Councilor Greg Ervin proposed to “raise the standard of living” for everyone in town, and crack down on people not obeying public-indecency and littering laws. He also proposed a community work program that would allow unhoused people to “clean up Cottage Grove,” and earn a paycheck, to address the “entitled attitude” and “bad behavior” of people without “civic accountability.”

Councilor Jon Stinnett proposed to use the current warming center shelter as a temporary solution, due to its proximity to amenities and services downtown. Saying, “The community center site is completely inappropriate. I will close out as soon as possible.” 

Councilor Fleck proposed the construction of a low barrier shelter, in order to, “If you throw up barriers right off the bat, folks have no incentive to talk to you at all.” He went on to express his support for the plan proposed by the city manager’s office, saying, “from a fiscal perspective, it’s the most responsible plan.” 

Councilor Chalice Savage proposed the construction of a medium barrier shelter at the Highway 99 site. She also reiterated her position as an advocate for personal responsibility, a strong work ethic, and having “skin in the game.” “I don’t believe that the populace who we are working with will need the low barrier housing. I believe the folks we are trying to help are willing to work hard, and just need that extra support.”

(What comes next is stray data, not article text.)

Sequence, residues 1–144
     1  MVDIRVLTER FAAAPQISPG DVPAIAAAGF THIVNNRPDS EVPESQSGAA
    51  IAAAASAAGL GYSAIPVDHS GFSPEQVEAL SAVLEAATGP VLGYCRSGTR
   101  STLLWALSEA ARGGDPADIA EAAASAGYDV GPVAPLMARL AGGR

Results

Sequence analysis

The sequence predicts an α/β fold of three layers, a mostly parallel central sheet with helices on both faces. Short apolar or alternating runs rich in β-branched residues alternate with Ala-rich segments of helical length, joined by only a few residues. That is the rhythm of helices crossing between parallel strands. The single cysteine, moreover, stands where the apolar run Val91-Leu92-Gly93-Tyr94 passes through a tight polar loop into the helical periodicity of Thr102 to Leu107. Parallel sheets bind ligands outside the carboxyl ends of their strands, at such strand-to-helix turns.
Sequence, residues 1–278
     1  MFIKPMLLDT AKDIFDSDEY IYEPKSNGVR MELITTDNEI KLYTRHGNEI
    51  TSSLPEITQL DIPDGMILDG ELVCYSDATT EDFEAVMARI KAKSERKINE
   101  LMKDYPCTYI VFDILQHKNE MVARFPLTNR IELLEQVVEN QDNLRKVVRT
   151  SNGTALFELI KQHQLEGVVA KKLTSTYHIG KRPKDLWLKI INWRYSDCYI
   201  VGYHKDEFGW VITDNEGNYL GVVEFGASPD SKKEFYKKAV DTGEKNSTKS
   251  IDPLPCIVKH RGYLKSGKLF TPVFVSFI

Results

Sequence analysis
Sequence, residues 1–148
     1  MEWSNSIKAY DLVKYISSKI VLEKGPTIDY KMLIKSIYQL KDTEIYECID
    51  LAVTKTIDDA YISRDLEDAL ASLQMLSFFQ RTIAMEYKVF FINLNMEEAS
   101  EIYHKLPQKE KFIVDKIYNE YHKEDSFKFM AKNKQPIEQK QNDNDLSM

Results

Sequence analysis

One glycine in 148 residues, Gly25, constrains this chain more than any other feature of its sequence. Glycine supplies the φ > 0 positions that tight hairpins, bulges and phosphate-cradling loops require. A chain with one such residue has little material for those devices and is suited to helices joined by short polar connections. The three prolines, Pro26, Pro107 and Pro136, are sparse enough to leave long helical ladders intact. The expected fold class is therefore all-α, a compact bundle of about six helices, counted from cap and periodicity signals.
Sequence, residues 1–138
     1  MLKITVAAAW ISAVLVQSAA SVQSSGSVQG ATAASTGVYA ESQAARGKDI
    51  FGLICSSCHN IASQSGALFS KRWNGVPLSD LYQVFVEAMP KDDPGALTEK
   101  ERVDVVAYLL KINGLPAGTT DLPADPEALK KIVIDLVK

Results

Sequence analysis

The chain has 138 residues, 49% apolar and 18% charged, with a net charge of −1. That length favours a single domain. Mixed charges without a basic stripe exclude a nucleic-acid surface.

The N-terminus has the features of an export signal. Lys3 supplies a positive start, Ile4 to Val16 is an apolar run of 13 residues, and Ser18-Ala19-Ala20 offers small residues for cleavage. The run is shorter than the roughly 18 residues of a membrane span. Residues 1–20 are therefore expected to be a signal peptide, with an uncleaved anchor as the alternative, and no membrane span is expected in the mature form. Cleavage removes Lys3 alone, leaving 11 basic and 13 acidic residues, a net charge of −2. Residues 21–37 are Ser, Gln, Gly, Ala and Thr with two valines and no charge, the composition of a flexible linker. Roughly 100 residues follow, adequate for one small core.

Councilor Candace Solesbee outlined the issue as a “supply and demand problem” and suggested building a “navigation team consisting of city staff, police and social services to connect homeless people to proper services,” as well as more programs to “entice builders to put up multi-family units.” She was adamantly against any low barrier programs. 

In their own experiences 

After the public comment, the focus of the meeting shifted to opening statements by members of the council. Many spoke to the challenges of broaching such an emotional and complicated subject, and a few shared their own personal experiences with being unhoused. 

Councilor Roberts told his story. 

“Thirty-two years ago, I had a cocaine addiction and was living in a dumpster in San Francisco, Calif.,” Roberts said. “I woke up one morning and I wanted to change things … A friend took me to a rehab shelter … It changed my life. It made me who I am today. And it’s what I’d like to see us do here in Cottage Grove.” 

Roberts spoke of his desire to see a “big and bold,” high barrier program that values personal accountability, like his program did. “That program literally changed my life. And then I moved to Cottage Grove and this town gave me another one. We can make a difference, because not everyone out there is at the point of no return,” he said.